A final note in terms of the chassis count in the concluding years of the race program, again using information from Don Capps’ 8W Forix piece.

At the end of the 1958 championship winning season three chassis were retained and the balance broken up- VW5 was rebuilt as we have just covered, VW9 was kept as a show car by VP and VW10 was used for testing purposes but rebuilt in 1960 to 1958 specifications for demonstration purposes.

VW11 was a new car built from VW5 components as a ‘Lowline’ and after being raced by Brooks was dismantled and retained by the team. VW12 was the Lotus 18 chassis ‘901’ which was sold as a rolling chassis, and VW14 was the mid-engined Intercontinental Formula car raced by John Surtees, then rebuilt as a Mk2 variant but never raced in that form and ultimately restored as raced by Surtees at Silverstone.

Vanwall VW14 Mk2 Intercontinental as shown in a contemporary press shot- the car was unraced in this form (Vandervell Products)

 

Etcetera and somewhat at random- Thin Wall and Vanwall…

 

 

(goodwood.com)

GA Vandervell with Giuseppe Farina during the 1952 Goodwood Trophy weekend on 27 September 1952. Ferrari 375 Thinwall Spl – DNS the feature race but did finish second in the ‘Woodcote Cup’ 5 lapper behind Froilan Gonzalez’ BRM V16 who also won the feature race from Reg Parnell’s BRM.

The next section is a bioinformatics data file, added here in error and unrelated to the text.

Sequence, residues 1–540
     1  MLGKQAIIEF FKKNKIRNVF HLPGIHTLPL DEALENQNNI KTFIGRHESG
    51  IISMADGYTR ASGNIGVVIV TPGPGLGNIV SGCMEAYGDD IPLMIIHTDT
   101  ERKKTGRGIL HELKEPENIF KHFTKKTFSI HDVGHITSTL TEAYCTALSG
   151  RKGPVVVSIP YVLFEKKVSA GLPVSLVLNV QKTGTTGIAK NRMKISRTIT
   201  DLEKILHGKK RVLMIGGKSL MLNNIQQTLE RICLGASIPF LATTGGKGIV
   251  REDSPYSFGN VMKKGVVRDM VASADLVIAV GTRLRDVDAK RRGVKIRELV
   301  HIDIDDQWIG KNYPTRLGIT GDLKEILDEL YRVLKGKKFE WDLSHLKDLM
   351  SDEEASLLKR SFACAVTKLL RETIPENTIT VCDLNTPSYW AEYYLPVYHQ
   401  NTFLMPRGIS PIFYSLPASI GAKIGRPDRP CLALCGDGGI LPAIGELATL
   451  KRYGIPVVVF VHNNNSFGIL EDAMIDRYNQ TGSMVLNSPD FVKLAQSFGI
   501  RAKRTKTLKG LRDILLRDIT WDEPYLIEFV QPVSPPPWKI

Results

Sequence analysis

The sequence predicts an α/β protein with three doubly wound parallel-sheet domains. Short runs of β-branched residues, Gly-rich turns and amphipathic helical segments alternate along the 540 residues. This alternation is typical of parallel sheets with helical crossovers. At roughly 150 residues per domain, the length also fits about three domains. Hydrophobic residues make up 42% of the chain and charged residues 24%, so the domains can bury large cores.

(John Ross)

Journalist/author Graham Gauld points the direction of Aintree travel to Stuart Lewis-Evans during the 1957 British GP. Bucket, spade and pile of dirt to deal with fires and errant pools of lubricant/coolant. Interesting shot, i like it.

(MotorSport)

Tony Brooks, second place at Monaco in 1957, beautiful shot Quayside- Vanwall VW57, Fangio won in a Maserati 250F.

(Unattributed)

Moss on the hop using all the Aintree road and a little bit more during the wonderful 20 July 1957 British GP in which he shared VW4 to win the race together with Tony Brooks- the first championship GP win for Vanwall.

(Unattributed)

Moss and Lewis Evans after the finish at Aintree in 1957- must be a parade lap as Stuart’s race ended after completing 82 laps and Tony Brooks below in VW4 before handing it over to Moss.

(MotorSport)

 

Nino Farina winning the Formula Libre support race during the 18 July 1953 British GP meeting at Silverstone- Ferrari 375 Thinwall 4.5 V12.

Farina won from the two BRM Mk1 P15 V16s of JM Fangio and Ron Flockhart- the Italian finished twelve seconds in front of Fangio in the 17 lap half hour race. Vandervell’s Thin Wall plan plan was in part to give BRM a competitive car to race against when he acquired the first Ferrari, over the ensuing years he certainly achieved that aim!

Note the disc brake on the left-front, it would be a while before the factory cars went down this path…

Vanwall VW10 front

(Doug Nye ‘History of The Grand Prix Car’

Vanwall VW10 ‘stripped’.